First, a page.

- The Washington Times - Friday, October 19, 2001

The metropolitan area does not have an emergency-evacuation plan that can handle the gridlock that occurred during last month's terrorist attack on the Pentagon, when thousands of persons who work in the District had to evacuate themselves, regional officials said yesterday.
"There are no evacuation plans for the region, nor are there emergency-transportation plans for how people would move around this region in an emergency," Fairfax City Mayor John Mason said.
Mr. Mason, chairman of the Transportation Planning Board of the Metropolitan Washington Council of Governments (COG), said the word "evacuate" conjures up thoughts of moving "every last soul" farther from the site of an incident. What is needed most is for the region to have clarity about who directs action during an emergency, he said.
"I don't know the answer of who is in charge," Mr. Mason said, adding that the issue of an evacuation plan "hasn't come up before."
The need for a coordinated plan came to light Sept. 11, when terrorists hijacked an American Airlines jetliner and crashed it into the Pentagon. Confusion abounded about which roads and highways were closed, and the localities activated their emergency transportation plans without any coordination.
About two-thirds of those who work in the District live in the suburbs of Virginia and Maryland.
Falls Church Mayor David Snyder, a member of COG's transportation board, said the region's 17 jurisdictions present a challenge to area leaders in crafting an evacuation plan.
On Wednesday, the Transportation Planning Board agreed to quickly devise an emergency transportation plan to handle the thousands of people and cars that will need to be evacuated in a disaster. A first draft could be available within 60 days, Mr. Mason said.
Mr. Snyder said any evacuation blueprint "needs to knit" together the localities' plans and may require the localities to give up some autonomy to an executive committee or a person who decides for the entire region during a crisis.
"This is a regional issue. We are not going to wait for the federal government to handle this," Mr. Snyder said. "We are going to learn from our own problems."
One key component in linking local evacuation plans is Metro, which said yesterday it would send letters to regional transit leaders to ask to be part of the discourse.
Metro General Manager Richard A. White raised the issue of an emergency transportation plan at yesterday's Board of Directors' meeting and at the Transportation Planning Board on Wednesday.
"We're sort of acting as a catalyst," Mr. White said, adding that the terrorist attacks showed regional leaders the need to think in terms of "a world where minutes and days count," not months.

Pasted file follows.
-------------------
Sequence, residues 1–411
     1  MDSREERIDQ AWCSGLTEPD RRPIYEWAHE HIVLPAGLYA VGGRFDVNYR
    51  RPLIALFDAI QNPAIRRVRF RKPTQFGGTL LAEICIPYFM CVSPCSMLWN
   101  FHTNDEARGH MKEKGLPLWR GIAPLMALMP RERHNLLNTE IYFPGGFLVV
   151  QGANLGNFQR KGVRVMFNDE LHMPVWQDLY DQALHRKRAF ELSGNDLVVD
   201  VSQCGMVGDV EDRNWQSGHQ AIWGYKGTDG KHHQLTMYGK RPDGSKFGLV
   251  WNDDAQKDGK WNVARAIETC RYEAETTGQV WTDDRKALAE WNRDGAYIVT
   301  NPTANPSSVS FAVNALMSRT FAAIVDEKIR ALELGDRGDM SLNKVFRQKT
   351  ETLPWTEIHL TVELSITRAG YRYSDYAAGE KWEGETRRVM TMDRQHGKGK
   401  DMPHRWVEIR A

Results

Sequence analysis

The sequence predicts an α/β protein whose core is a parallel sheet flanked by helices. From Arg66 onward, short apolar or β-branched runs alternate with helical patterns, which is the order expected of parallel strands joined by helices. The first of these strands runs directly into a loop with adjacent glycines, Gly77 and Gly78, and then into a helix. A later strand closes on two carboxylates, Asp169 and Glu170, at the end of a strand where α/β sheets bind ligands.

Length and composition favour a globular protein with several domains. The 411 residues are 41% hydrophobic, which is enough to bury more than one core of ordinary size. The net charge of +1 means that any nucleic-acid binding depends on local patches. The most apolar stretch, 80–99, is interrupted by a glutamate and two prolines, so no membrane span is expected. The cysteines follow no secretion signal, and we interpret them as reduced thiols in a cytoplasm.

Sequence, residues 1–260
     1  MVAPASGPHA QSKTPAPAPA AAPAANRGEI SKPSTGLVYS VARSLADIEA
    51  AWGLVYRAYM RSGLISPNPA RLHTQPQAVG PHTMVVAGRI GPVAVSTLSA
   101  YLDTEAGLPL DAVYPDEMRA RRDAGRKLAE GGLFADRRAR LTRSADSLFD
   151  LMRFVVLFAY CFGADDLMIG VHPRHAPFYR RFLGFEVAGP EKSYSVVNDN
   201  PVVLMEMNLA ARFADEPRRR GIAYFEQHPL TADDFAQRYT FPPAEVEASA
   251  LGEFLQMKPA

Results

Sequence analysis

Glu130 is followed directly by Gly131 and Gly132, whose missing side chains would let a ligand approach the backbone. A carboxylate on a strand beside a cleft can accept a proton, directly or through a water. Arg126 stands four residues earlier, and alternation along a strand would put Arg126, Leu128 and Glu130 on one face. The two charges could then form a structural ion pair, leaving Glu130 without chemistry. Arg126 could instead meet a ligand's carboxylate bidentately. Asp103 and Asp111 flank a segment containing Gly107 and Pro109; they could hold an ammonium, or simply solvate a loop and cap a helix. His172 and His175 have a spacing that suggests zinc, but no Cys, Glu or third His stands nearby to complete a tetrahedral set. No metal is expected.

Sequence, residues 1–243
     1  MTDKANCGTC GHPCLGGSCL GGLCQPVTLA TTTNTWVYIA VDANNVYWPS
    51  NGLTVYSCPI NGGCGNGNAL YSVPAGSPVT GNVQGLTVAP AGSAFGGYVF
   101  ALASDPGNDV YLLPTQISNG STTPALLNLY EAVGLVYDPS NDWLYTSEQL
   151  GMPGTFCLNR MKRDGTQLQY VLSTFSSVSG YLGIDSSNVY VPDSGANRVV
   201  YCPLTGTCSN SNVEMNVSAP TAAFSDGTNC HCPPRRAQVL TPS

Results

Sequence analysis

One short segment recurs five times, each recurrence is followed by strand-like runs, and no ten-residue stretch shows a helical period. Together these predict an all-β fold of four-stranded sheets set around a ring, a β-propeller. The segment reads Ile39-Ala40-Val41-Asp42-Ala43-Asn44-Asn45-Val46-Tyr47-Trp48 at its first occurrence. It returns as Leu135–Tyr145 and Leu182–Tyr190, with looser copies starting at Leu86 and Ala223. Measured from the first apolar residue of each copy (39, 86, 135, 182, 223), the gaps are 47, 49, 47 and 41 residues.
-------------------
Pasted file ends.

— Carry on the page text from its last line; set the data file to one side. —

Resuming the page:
Mr. White yesterday handed out a chart showing how responsibilities could be divided under a plan that has an executive committee making decisions during an emergency. The committee would direct representatives from fire and police departments, military, federal agencies and localities.
Mr. White said a "czar" of regional homeland security may be needed to cut through red tape.
D.C. Council member Carol Schwartz, at-large Republican and COG chairwoman, said there is a need to "hasten these plans," and said she would be willing to try a different governing framework during times of emergency. She said the members for an executive committee should be drawn from COG.
Mrs. Schwartz said, however, that a comprehensive emergency-response plan, including transportation needs, also needs to be drafted quickly.
"We just have to realize that this could happen again," Mrs. Schwartz said of the Sept. 11 attacks.
COG Executive Director Michael Rogers said that during an emergency the traditional way of governing by consensus may have to be abandoned.
But he cautioned that COG and Transportation Planning Board members must realize there are many layers of government that must be included in the discussion, especially the federal government.
"It's not as simple as coming up with a plan," Mr. Rogers said. "I think we all want something done now, but we want it done right."
Meanwhile, Metro planners are looking at creating another subway line that would cut through Georgetown and downtown to relieve the expected congestion on the Orange Line in 2020.
Part of the transit agency's Core Capacity Study presented yesterday to the board showed that the new line would have to be built to keep up with ridership demands.
The new line, at a cost of $6.3 billion, would be part of the Blue Line and extend from an existing station in Falls Church to a station in Largo that is under construction.
Metro already has looked at adding a Georgetown station on the Red Line as part of its expansion plan, presented last spring. "It's still a concept," said Jim Hughes, Metro's planning director.
The board is still looking at adding more stations to the core of the 103-mile, 83-station subway system, as well as expanding the system into more Virginia and Maryland suburbs.
Mr. White said the new line would provide "some form of redundancy" so that if one section of a subway line has to shut down, another line can pick up the slack.
Mr. Hughes said construction would be done in three phases, but would have to begin by 2015 to meet ridership demands of 2020. Metro has a goal of 1 million daily subway riders by 2025.

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